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Comparison of Vaccines
Personally, I felt the claims of "get whatever vaccine you are offered" was "paternalistic" (as the opinion piece put it) and obviously not in the best interest of each individual, when the J&J vaccine received EUA. J&J's one-dose efficacy against infection was no better than the efficacy of one-dose of the mRNA vaccines. Its full-course efficacy against infection was considerably less. The argument was that its efficacy against major illness was sufficiently high that it could be offered.

I felt that the CDC or FDA could have pointed out that a single dose of either mRNA was at least as good and that people could choose to stop after a single dose, or to delay the 2nd dose.

The single-dose feature for J&J didn't need to be. J&J could have (maybe they did?) conducted a study of a two-dose regime. Likewise, the mRNA vaccines had most of the data for a single-dose recommendation. They could have gone for that.

I suspect marketing played into the companies' positions. The mRNA companies made more profit (and those getting the vaccines got better outcomes) with a two-dose regimen. Why offer a single-dose regimen? J&J was late to the game. They probably wouldn't get much of the market share with yet another two-dose regimen. So, they chose to try to get the population that wanted a single-dose regimen. I believe the CDC/FDA was complicit by the way they didn't say that the single-dose regimen was inferior to the two-dose vaccines. If their feeling was that a single-dose regimen would get more people vaccinated, with an overall reduction in illness & death, that's a good thing.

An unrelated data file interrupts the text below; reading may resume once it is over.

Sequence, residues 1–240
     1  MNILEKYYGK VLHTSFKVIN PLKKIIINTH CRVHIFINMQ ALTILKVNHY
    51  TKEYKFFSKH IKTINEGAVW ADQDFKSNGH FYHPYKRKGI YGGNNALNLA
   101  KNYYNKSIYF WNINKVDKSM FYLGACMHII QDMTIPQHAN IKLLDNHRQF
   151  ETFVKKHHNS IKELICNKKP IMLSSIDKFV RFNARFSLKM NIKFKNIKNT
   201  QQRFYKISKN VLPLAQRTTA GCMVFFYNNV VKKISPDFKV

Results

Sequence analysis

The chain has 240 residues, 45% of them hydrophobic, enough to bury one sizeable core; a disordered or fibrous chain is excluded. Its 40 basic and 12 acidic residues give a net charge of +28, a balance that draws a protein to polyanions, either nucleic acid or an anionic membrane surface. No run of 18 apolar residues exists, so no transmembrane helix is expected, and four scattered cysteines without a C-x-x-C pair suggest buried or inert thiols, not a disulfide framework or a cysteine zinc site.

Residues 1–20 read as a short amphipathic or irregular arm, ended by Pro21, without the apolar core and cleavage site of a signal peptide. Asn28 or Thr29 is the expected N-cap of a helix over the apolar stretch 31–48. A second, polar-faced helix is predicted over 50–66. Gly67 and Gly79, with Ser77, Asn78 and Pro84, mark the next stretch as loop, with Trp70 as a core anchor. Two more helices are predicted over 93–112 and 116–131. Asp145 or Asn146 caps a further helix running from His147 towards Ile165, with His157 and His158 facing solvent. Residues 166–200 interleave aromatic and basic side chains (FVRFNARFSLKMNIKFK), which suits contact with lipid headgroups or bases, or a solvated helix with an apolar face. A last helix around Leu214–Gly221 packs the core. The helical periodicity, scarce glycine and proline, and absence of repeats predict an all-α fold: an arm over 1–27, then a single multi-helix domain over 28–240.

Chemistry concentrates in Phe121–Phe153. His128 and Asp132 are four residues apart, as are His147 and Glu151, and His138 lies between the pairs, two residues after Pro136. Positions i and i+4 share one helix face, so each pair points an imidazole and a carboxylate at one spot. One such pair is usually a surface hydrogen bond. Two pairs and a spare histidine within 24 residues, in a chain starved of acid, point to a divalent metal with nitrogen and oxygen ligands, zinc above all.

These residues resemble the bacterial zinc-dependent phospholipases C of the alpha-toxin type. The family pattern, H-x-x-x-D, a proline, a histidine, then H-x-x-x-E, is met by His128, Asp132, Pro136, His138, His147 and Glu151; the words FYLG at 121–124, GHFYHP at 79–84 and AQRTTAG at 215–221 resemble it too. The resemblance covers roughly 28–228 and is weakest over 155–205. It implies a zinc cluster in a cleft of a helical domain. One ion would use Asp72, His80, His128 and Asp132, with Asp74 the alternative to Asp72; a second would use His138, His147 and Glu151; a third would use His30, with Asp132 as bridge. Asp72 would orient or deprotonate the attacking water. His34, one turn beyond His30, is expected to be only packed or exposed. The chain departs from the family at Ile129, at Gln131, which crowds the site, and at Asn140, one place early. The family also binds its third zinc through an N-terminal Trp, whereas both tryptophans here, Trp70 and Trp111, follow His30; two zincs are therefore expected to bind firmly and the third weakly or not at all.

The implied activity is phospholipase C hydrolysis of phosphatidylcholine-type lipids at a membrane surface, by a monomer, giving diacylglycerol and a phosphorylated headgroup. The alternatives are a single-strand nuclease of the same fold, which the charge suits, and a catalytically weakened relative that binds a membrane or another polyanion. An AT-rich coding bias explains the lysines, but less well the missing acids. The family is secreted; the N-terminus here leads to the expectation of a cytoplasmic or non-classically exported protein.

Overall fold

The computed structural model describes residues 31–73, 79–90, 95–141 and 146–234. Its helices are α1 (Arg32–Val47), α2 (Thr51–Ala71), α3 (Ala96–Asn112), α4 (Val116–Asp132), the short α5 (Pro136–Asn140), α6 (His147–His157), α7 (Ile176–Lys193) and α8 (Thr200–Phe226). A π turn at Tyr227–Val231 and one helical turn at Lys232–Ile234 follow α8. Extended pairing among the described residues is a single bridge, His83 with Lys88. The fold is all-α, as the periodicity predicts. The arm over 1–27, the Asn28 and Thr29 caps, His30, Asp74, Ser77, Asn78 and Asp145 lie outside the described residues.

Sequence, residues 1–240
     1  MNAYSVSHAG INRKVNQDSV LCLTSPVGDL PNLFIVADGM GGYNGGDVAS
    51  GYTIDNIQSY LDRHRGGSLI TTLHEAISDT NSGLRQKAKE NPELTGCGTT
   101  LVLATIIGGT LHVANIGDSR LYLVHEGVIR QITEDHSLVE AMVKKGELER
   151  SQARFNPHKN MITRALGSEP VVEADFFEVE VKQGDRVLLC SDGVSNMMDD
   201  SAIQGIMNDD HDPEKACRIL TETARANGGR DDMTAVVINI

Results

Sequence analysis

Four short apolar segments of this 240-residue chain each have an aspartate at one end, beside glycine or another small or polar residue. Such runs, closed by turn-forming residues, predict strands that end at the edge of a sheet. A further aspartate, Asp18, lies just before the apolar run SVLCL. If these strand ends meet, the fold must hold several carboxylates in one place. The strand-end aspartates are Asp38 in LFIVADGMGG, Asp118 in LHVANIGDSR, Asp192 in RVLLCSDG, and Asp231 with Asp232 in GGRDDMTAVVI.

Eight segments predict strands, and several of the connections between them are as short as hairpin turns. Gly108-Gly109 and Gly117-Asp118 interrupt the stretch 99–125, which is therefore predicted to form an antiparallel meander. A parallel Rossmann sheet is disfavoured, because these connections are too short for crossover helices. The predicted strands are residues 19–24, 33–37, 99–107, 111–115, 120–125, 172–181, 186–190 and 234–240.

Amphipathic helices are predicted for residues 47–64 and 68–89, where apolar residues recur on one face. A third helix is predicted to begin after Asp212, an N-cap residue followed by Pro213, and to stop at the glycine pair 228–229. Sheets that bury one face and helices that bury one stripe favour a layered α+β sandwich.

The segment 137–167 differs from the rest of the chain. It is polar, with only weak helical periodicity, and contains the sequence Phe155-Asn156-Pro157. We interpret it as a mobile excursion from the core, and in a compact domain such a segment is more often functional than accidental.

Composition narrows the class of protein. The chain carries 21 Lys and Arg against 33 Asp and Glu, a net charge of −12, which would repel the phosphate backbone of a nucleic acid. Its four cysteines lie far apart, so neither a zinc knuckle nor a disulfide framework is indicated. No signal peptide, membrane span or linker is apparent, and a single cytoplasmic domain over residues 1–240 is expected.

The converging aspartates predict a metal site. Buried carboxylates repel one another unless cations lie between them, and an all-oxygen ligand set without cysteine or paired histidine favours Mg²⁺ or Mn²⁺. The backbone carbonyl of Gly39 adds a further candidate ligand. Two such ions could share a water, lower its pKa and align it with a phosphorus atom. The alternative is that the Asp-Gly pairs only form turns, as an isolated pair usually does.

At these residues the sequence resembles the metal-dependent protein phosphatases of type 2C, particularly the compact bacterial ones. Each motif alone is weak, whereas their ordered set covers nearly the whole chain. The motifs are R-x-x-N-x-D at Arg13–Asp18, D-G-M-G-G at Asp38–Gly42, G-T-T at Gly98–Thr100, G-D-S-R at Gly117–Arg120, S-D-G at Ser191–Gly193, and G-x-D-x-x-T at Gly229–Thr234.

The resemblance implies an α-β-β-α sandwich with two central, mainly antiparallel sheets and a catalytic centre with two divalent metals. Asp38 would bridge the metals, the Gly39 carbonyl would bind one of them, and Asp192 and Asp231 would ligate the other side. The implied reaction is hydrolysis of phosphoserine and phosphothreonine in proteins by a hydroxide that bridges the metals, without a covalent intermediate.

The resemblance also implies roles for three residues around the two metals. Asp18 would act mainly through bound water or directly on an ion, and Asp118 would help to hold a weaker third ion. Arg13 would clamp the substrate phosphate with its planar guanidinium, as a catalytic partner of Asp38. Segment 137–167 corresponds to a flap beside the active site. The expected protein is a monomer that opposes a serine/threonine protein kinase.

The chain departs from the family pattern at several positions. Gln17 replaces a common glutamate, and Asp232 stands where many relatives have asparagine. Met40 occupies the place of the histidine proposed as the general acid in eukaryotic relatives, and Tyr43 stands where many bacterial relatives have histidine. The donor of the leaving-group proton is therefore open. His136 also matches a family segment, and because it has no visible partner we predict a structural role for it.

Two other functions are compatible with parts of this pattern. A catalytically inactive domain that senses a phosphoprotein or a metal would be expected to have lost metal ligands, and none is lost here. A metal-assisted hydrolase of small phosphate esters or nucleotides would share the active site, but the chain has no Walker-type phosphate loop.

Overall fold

Notice that we're not seeing a 4th vaccine in the approval process. Who would their customers be?

While the article has "Data from Washington, DC, in May 2021 found that 80% of new COVID-19 cases were in Black individuals, although they make up only about 45% of the population", I will note that in Santa Clara County, when you look at the races, the African-American population has slight fewer cases than one would expect based on their percent of the population. Indeed, that is true for California as well (5% of cases; 6% of population). To characterize the imbalance among population, I'd expect that economic situation has a higher correlation than race. (Things like education, industry, religion, political preference, geographic location may also correlate with inequity of case rates.)

This opinion piece didn't try to investigate or quantitize the reasons for inequities in cases or vaccination rates; it just offered possibilities without prioritization of which are most widespread and which are more easily overcome.

Messages In This Thread
Comparison of Vaccines - by M_T - 05-19-2021, 04:14 AM
RE: Comparison of Vaccines - by Hurlburt88 - 10-27-2021, 11:08 AM
RE: Comparison of Vaccines - by M_T - 10-27-2021, 05:44 PM
RE: Comparison of Vaccines - by Hurlburt88 - 10-28-2021, 11:24 AM
RE: Comparison of Vaccines - by Hurlburt88 - 11-29-2021, 12:15 PM
RE: Comparison of Vaccines - by M_T - 11-30-2021, 02:48 AM
RE: Comparison of Vaccines - by Hurlburt88 - 12-25-2021, 08:29 AM
RE: Comparison of Vaccines - by M_T - 12-28-2021, 01:15 AM

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